Short Winter Days Mean It's Time to Top Up Your Vitamin D

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When the sun is not enough, add Vitamin D from food sources and supplements

But the reality is that most people don't get enough Vitamin D from the sun at any time of year – especially since it's now so important to protect our skin from the damaging effects of the sun. We can get some Vitamin D from food sources, but the truth is that just about everyone should be taking a Vitamin D supplement, too.

As we approach the winter solstice – the shortest day of the year – it's clear that in many areas of North America, sunshine is in short supply. What's more startling is that many North Americans – studies suggest 30-50% – are deficient in the sunshine vitamin, Vitamin D.

According to nutrition expert Gloria Tsang, founder of HealthCastle.com, Vitamin D deficiency is an issue all year long, not just during winter days with few sunshine hours – but the winter season is an especially important time to ensure good Vitamin D levels, since the sunshine vitamin helps protect against winter flu. "We call Vitamin D the sunshine vitamin," Tsang says, "But the reality is that most people don't get enough Vitamin D from the sun at any time of year – especially since it's now so important to protect our skin from the damaging effects of the sun. We can get some Vitamin D from food sources, but the truth is that just about everyone should be taking a Vitamin D supplement, too."

In addition to helping fight the flu, Vitamin D has other important effects in the body. It aids calcium and phosphorus absorption, helping prevent bone diseases like rickets and osteoporosis, and studies have shown that is has a strong association with lowered cancer risk. Here are 5 key ways to get more Vitamin D:

  • Feast on fish: Fatty fish, like salmon, tuna, sardines, and mackerel, as well as cod liver oil, are the best food sources of Vitamin D.
  • Enjoy eggs: Egg yolks contain small amounts of Vitamin D3.
  • Find fortified foods: Milk fortified with Vitamin D virtually eliminated rickets in the 1930s, and is still a prime source of Vitamin D today. Other Vitamin D-fortified foods include breakfast cereals, yogurt, and orange juice.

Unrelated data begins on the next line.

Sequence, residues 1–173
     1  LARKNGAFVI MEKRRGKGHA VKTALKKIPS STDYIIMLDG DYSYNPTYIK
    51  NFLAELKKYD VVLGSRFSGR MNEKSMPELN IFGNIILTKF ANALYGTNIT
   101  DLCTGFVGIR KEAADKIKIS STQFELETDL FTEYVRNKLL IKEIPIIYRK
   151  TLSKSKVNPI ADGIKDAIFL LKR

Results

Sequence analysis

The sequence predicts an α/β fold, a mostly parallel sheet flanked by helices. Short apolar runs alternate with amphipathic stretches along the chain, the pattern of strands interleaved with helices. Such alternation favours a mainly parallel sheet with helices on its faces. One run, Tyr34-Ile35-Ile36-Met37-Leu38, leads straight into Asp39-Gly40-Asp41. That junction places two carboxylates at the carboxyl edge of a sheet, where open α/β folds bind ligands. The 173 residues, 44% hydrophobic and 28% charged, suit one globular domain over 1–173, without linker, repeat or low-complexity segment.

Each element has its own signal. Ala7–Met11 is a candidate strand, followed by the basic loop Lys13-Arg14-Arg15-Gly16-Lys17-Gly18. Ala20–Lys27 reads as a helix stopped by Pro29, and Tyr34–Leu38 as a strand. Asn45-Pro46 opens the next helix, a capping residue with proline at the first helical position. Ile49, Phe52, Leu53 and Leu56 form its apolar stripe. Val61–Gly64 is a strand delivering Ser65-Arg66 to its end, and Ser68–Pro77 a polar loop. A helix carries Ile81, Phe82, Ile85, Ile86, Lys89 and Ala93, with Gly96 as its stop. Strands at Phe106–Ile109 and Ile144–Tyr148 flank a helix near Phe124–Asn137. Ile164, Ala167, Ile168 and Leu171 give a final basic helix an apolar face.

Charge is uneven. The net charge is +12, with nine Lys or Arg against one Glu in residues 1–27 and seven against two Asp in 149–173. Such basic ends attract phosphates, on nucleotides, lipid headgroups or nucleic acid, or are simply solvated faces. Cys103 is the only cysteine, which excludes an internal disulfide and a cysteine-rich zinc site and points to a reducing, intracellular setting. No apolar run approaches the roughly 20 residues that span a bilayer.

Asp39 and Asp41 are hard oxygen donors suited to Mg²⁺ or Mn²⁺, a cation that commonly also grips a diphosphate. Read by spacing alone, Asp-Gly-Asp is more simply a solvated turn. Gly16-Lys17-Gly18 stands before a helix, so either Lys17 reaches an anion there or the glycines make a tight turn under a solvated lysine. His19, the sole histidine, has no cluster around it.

• Munch on mushrooms: Some mushrooms contain Vitamin D2, including some mushrooms grown in conditions specifically designed to boost Vitamin D content.
  • Be safe; take a supplement: Expert opinions vary on how much Vitamin D we need (some experts recommend up to 1000 IU per day for adults), but most agree we're not getting enough. Since it's hard to absorb Vitamin D from food sources, your safest best is to take a supplement, especially in the winter.

Of course, we all get some of our Vitamin D supply from the sun – but increasing your sun exposure to up your Vitamin D intake is not a good idea, since the potential risks to your skin outweigh the benefits of the additional Vitamin D. Focus on eating Vitamin D-containing foods instead, and top up your intake with a good supplement. More healthy eating tips from registered dietitians are available at http://www.HealthCastle.com, an official USDA MyPyramid Partner.

About HealthCastle.com: HealthCastle.com is the most comprehensive nutrition community run by Registered Dietitians on the web. The dietitians at HealthCastle.com have been sharing their passion for nutrition and health since 1997. For fun and practical healthy eating tips, exclusive nutrition guides, and nutrition podcasts, visit http://www.HealthCastle.com.

Twitter: HealthCastleGlo
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Tracey Johnston
HealthCastle.com
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